A recent report by the Ramblers and Macmillian Cancer Support entitled Walking Works  (PDF) details the health benefits of the humble walk. The report found that regular walking to fulfill the 150 minutes of moderate physical exercise every week recommended by the UK's chief medical officer could save 37,000 lives each year. It could also lead to nearly 300,000 fewer cases of type 2 diabetes.
     
    In some cases walking can be more effective than running. Scientists at the Lawrence Berkeley National Laboratory in California, found that brisk walking reduces the risk of heart disease.  They observed participants aged between 18 and 80 over a six-year period and found that walking reduced the risk of heart disease by 9.3%, while running reduced it by 4.5%.
     
    And there's even more good news: 30 minutes of brisk walking over five days could help you sleep easy, according to research by Oregon State University. A study by the university showed that walking helped participants sleep better  and feel more alert during the day.
     
    Getting started
     
    The recommended amount of exercise for adults is 150 minutes of moderate physical activity per week. That breaks down to 30 minutes of exercise over five days a week.
    Even though 30 minutes is the ideal, Dr I-Min Lee, a professor of medicine at Harvard Medical School, suggests starting with three shorter 10-minute walks each and slowly building up to the 30-minute walk  once you feel comfortable.
    The sooner you get started the sooner you’ll notice the difference in your mind and body..
     
    The mental health charity Mind found in their report Ecotherapy: The Green Agenda for Mental Health  that country walks can reduce depression and raise self-esteem. So ditch the smoggy congested route for a nearby park or green space when you head out for your 30-minute walk.
     
    Written by Carlene Thomas-Bailey
     
  24. Like
  25. Like
    Deb. reacted to [email protected] in Did you find yourself sweeter and kinder after Whole30 reintro?   
    I love you, MeadowLily. This is such good, important information.
    This, right here, is vital: "Competition is a recipe for hostility. By definition, not everyone can win a contest. If one [person] wins, another cannot. This means that each [person] comes to regard others as obstacles to his or her own success."
    I wrote a long passionate post and then tried to fool around with the formatting and lost it all. Anyway, my life changed 21 years ago when I realized that I was literally killing myself with competition. I wanted to "win" EVERYTHING... at work, with friends, with strangers, all the time. And of course I'm NOT the best at everything, I didn't always "win," and the methods I used to comfort/console myself were destructive and dangerous (food and alcohol). I found help for the alcoholism, and in the process discovered that competition was not the way I want to live. It's lonely, isolating, sad. I'm happy to report that today I can truly be happy for others' successes; I cheer on my friends' efforts at whatever they do; I can play Monopoly and not care if I win (really!); I don't race for parking spaces; I slow down if someone wants to pass me. I no longer believe in a world where there is "limited pie." That is, I no longer believe that there is a finite amount of good in the universe, and that if you get a big slice, I must get a small slice because there is just the one 9-inch pie... nope... I believe in unlimited pie. If you get a huge slice, maybe you can show me how you did it and I'll get a huge slice too; abundance, not scarcity and limitation. No more zero-sum gane. If I get more it does not mean you get less, and vice-versa. Unlimited pie.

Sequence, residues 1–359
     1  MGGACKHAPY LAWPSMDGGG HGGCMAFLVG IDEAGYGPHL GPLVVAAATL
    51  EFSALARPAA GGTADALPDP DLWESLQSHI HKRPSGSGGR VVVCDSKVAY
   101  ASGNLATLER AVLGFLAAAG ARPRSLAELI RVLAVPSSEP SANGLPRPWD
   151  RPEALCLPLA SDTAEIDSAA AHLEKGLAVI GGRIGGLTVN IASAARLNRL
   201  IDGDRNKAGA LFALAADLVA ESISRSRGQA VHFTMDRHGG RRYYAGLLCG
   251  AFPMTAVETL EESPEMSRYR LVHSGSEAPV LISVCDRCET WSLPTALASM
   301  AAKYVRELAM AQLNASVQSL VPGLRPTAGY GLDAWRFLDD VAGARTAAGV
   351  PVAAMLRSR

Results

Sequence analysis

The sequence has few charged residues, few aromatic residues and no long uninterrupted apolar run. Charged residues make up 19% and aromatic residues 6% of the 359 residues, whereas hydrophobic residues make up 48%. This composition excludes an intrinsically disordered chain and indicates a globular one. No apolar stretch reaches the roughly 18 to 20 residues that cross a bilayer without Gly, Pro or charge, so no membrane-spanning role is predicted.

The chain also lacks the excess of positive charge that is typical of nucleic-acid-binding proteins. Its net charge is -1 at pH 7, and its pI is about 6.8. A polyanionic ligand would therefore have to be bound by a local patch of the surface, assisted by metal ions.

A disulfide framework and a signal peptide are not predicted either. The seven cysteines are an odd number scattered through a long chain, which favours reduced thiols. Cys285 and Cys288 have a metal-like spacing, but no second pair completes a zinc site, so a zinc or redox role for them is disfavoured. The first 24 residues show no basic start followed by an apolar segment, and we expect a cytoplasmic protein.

That isn't an original idea of mine; I heard a speaker years ago and the idea grabbed me. I will see if I can find a reference somewhere, and will post it here when/if I find it.
    I am on day 30 of a whole-at-least-60. I've seen some health improvement, mood improvement, energy increase, and weight loss/redistribution, and I think there are more changes to come before I look at reintroduction. I didn't get to this condition in 30 days (50 pounds overweight, couch potato, exhausted, type 2 diabetes, etc., etc.), and I'm not going to recover in 30 days. So... onward.